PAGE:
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Today we wrap this up. Let them click, I say!


The Script’s Effects

Here’s the Code


Now that all the values are set, we can trigger the function that makes the link occur. In the IE version of the script, the onClick is within the text box. In the Navigator version, the onClick is in a button. Either way, both trigger a function called goTo(inlocation).

Now, you’ll notice that inside the parantheses of the function is the variable we just set, “inlocation”. That variable represents the URL of the headline currently displaying in the visible text box.

Now, let’s take a look at the function goTo(). You’ll find it up high in the script just below the the two functions chngNext() and chngPrev()

function goTo(newURL) 

What the author is doing here is passing a specific value to the fuction. The first line of the function has the variable “newURL” inside its instance. When the user clicks the button or the text box to go to the headline, the variable “inlocate” is passed to this function.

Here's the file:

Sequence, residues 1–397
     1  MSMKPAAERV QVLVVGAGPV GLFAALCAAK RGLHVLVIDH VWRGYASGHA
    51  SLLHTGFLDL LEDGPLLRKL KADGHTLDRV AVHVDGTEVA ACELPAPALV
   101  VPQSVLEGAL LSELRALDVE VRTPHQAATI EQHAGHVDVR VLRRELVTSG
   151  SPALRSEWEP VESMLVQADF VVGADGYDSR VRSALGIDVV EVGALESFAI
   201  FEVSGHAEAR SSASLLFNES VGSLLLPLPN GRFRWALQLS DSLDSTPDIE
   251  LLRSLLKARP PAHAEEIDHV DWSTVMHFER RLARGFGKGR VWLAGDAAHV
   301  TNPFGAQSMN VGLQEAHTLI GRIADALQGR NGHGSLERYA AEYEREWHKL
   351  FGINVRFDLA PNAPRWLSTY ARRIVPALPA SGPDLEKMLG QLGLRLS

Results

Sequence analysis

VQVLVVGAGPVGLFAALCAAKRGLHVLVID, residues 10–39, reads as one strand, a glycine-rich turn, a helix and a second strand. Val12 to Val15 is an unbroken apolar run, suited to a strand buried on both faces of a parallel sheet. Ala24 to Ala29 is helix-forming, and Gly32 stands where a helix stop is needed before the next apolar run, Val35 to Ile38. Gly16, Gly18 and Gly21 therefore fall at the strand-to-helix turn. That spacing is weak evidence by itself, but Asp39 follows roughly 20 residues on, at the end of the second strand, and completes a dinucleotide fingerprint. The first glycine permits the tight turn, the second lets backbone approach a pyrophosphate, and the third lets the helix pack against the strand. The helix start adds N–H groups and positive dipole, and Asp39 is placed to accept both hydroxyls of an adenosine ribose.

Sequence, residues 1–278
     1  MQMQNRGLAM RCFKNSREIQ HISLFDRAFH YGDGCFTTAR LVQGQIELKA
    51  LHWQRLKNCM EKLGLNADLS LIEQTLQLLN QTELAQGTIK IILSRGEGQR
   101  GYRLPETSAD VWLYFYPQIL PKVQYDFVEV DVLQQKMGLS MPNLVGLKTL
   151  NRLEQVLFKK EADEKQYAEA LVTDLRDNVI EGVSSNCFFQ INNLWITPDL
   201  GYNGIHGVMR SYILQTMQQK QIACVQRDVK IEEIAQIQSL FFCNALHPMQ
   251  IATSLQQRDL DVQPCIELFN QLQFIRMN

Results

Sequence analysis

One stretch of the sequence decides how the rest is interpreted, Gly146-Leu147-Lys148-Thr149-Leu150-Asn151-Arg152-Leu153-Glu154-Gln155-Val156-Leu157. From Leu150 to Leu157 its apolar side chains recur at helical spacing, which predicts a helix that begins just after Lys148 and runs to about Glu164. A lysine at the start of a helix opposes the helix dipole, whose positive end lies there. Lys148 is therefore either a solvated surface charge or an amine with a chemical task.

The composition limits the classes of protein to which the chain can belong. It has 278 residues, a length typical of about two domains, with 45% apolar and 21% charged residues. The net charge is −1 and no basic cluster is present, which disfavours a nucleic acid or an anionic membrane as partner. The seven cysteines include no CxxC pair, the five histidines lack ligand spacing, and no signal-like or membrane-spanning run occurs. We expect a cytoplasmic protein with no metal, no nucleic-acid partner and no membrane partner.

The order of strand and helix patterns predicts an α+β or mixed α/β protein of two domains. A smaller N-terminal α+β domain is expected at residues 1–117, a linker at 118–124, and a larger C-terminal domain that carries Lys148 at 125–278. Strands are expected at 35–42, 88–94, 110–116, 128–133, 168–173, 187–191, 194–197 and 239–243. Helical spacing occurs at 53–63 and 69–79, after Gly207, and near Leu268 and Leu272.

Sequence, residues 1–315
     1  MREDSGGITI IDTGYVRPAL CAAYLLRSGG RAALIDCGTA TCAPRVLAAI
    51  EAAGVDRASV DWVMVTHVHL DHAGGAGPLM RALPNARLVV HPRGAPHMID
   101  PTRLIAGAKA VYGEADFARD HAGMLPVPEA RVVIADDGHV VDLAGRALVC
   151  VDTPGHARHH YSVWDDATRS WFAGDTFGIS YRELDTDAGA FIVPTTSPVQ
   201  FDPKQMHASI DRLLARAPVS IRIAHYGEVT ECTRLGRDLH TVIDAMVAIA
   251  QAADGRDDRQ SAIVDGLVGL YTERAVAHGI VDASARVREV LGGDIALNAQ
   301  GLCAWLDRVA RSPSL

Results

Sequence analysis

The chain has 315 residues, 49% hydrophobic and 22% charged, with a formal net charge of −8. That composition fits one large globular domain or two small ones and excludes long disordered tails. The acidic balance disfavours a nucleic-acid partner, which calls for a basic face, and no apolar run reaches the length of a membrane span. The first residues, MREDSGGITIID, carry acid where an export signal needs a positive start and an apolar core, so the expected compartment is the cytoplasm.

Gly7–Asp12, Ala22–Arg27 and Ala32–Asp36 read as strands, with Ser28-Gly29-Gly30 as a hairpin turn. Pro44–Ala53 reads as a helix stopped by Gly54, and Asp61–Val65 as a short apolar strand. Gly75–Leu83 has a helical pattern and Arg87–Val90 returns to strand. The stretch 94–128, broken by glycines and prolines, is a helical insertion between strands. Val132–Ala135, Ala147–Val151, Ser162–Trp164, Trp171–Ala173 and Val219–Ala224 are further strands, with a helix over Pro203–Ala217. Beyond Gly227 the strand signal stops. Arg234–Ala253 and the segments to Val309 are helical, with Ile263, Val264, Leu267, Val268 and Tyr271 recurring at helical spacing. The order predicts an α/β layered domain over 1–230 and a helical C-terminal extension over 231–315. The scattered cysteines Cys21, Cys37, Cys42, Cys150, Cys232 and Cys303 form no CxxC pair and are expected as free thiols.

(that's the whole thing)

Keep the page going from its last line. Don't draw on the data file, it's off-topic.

When the function runs, the value of “inlocate” is transferred and is now given the variable name newURL. By doing it that way, the “inlocate” value can now be used within the goTo() function. It just has to be called “newURL” inside the function.

The only line in the function forces a link to be made:


The location the browser will link to is “newURL”, which is the value passed to the function as “inlocate” which was the value created in the headMack() function.

It’s a long way to go – but effective.

Well, there you go. Another script broken down. Next week we’ll get into a password script and some JavaScript tricks to hiding the password in the code.

Next Time: New Script: Passwords

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